September 29 2013 10:49AM
Although we figured Joe Colborne might be a throw-in piece for a John Michael Liles trade, the Flames instead acquired the former first rounder for a conditional fourth round pick instead.
Colborne ticks all the boxes for the Flames. A 6'5" centerman, the 23 year old is a Calgary native who played in the AJHL before going off to college for the University of Denver, where he scored 31 and 41 points in his freshman and sophomore seasons.. Originally picked by Weisbrod and the Bruins 16th overall in 2008, he was then was acquired by Burke in a trade involving Tomas Kaberle. Appropriately, I chose Colborne as a key comparable to Mark Jankowski back when the Flames chose the latter 21st overall.
Although Colborne is a big boy, he's not a guy who will bang bodies or drop the gloves. His game is often described as patient, methodical and pass-first. Others say he lacks intensity, which is likely why his stock has fallen since his draft year. Although his output in college was above average, Colborne has yet to really manage noteworthy numbers as a pro player.
Part of that may be due to a strange wrist injury he endured for most of the 2011-12. He began the year leading the Marlies with 19 points in 11 games, but trailed off drastically in January, eventually finishing with 16 goals and 23 assists in 61 contests. I was revealed that summer that Colborne had torn ligaments and broken bone in his wrist which required rehab and surgery. Corey Pronman, who ranked Colborne as the Leafs second best prospect at the time, describes the drop-off here:
Colborne had easily one of the weirdest seasons of any drafted prospect this year. In the early months, he was tearing up the AHL like it was nobody's business, and then he fell off dramatically for a large portion of the season. Normally, this production variance can be the cause of statistical randomness, but his play and how he looked to scouts went from an extreme high to an extreme low, which is quite unusual. This may have been because of a wrist injury that he disclosed and had surgery for at the end of the season.
In 2012-13, Colborne finished second on the Marlies in scoring with 14 goals and 42 points in 62 games, which is good but doesn't exactly scream future NHL point-getter. This is likely why the Leafs decided to move on from the player: Colborne isn't a crash and bang grinder, but he's not yet at the level where you can expect him to anchor a scoring line in the NHL. He's also waiver eligible and the cap-strapped Leafs couldn't leave handing around the NHL roster in hopes he'd eventually work his way up the depth chart. So when they decided he wasn't going to be a top-6 player, his fate was in that org was sealed.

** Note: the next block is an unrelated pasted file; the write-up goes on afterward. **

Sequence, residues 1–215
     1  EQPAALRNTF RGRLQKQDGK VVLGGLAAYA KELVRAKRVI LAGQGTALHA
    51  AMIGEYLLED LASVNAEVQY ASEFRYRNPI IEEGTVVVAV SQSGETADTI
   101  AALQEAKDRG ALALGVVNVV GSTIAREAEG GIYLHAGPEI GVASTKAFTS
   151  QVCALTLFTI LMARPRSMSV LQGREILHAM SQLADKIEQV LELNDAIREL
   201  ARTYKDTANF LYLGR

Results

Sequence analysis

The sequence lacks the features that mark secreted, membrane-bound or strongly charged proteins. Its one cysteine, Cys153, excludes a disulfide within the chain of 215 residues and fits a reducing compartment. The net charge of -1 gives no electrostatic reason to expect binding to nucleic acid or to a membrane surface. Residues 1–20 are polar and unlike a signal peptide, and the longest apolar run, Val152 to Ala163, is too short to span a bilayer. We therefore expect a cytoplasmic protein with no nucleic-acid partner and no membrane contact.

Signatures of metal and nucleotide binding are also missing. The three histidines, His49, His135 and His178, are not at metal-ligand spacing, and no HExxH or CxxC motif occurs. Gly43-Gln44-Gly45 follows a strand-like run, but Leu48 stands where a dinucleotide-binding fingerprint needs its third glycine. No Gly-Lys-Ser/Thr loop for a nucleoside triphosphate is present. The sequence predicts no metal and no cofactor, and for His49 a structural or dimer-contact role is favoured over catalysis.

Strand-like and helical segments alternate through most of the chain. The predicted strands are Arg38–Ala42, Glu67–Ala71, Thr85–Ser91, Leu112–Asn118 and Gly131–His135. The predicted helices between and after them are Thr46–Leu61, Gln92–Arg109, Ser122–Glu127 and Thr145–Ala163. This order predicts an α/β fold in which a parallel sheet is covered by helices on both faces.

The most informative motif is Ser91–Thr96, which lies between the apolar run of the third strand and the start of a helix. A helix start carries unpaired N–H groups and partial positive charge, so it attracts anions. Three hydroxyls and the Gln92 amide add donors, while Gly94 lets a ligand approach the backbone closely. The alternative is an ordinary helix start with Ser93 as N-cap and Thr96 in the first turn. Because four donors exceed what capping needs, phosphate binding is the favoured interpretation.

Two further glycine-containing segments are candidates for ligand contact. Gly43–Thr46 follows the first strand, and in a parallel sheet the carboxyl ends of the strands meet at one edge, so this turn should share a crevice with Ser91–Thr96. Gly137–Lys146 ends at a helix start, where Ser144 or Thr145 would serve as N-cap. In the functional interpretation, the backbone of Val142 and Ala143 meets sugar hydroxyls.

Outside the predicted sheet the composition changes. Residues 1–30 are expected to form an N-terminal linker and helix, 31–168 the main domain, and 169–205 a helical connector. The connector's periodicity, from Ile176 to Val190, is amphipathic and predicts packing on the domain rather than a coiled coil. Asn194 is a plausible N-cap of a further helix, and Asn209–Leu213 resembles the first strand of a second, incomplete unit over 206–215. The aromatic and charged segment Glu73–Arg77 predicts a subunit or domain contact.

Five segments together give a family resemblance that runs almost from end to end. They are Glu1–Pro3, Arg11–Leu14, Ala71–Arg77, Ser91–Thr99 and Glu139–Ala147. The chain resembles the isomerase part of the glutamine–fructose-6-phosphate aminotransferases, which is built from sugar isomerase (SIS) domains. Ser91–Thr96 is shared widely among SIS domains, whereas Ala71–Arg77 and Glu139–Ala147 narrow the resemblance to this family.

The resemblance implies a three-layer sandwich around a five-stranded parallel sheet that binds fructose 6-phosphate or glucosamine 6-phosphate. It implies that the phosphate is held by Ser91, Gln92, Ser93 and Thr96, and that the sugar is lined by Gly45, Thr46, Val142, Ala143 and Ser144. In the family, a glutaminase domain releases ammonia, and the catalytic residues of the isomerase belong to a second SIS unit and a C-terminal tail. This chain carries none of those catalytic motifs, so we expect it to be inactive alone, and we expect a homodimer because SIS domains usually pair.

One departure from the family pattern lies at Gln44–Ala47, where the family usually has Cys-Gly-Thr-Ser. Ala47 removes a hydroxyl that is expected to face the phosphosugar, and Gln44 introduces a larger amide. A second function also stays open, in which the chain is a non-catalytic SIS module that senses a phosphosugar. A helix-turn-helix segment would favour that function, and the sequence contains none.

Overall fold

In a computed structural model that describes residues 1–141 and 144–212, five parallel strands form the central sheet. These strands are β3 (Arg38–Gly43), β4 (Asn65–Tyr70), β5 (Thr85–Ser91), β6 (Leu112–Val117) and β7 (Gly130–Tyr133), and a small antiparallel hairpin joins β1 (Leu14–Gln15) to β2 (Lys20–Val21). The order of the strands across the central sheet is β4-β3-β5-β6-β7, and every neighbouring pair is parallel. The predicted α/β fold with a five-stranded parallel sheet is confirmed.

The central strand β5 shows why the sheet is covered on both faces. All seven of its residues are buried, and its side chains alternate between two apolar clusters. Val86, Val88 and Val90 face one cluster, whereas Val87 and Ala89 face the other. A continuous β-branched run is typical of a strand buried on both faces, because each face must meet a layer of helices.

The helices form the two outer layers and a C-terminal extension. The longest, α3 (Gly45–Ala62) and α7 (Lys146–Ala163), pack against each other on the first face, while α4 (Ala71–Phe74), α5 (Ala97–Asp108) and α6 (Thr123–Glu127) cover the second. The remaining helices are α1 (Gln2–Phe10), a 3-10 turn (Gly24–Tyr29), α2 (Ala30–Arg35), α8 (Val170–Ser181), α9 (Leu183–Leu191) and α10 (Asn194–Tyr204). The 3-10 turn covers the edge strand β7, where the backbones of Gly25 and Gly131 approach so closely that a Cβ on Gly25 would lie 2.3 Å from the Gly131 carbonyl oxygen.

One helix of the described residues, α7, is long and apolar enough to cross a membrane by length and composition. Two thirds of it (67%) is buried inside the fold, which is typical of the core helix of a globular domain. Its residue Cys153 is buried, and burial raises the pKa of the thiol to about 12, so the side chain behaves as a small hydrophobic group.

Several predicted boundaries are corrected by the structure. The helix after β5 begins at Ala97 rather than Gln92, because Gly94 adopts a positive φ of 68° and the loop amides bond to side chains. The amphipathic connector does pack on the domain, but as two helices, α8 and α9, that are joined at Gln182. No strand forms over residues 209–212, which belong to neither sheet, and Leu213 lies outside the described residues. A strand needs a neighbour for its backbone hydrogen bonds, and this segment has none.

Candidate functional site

For the Flames organization, this is another arrow in the quiver. Although there's no guarantee that Colborne will turn out to be anything above replacement level, Calgary's depth chart down the middle has gone from Backlund-Stajan-Horak-Reinhart to Backlund-Stajan-Monahan-Knighty-Colborne-Horak-Reinhart in the space of a few months and at minimal expense. The tea, doesn't need all of those guys to turn out, but with each new body they increase the chances that at least one of them will.
As mentioned, Colborne will be exposed to waivers should he be demoted to the AHL, so he's on the roster to stay. That likely means a few of the remaining hopefuls - Ben Street, Roman Horak - are destined for re-assignment today or tomorrow. This probably also means Horak will shift to wing permanently. The center ice position is becoming increasingly crowded at the minor league and bottom-6 NHL levels (allthe above names plus Markus Granlund) so his best bet at this point would be shifting to right wing, a position he had some success in last year with the Heat.
As for Colborne, he slots in on the Flames third or fourth line to start the year despite his less than ideal temperament for conventional bottom-6 roles. I personally think the true goal in building a roster would be to construct four scoring lines and that giving up a potential middle-tier offensive centerman because he can't enthusiastically hurt people is ridiculous, but that's just me. Probably the best role for Colborne would be as a relatively sheltered third liner with capable line mates. Some potential combinations:
- Baertschi - Colborne - Jones
- Galiardi - Colborne - Hudler
- Baertschi - Colborne - Stempniak
Finally, the Colborne addition makes things a little crowded for Sean Monahan, which is actually good news. It creates an environment where the team doesn't feel obligated to keep the kid around the rest of the season - one where he'll have to legitimately outplay one of Backlund, Stajan or Colborne to stick around long-term. If he does that, then the kid probably belongs in the show. If not, it's back to juniors where he can tear it up and play in the WJ championships. Also, it means we won't have to Hartley try to convert TJ Galiardi to a pivot.
Overall, I like the move a lot. The price was minimal and the player has upside. He may never manage to live up to his draft pedigree, but even if Colborne becomes at capable bottom-6 centerman, he has a lot of useful years ahead of him.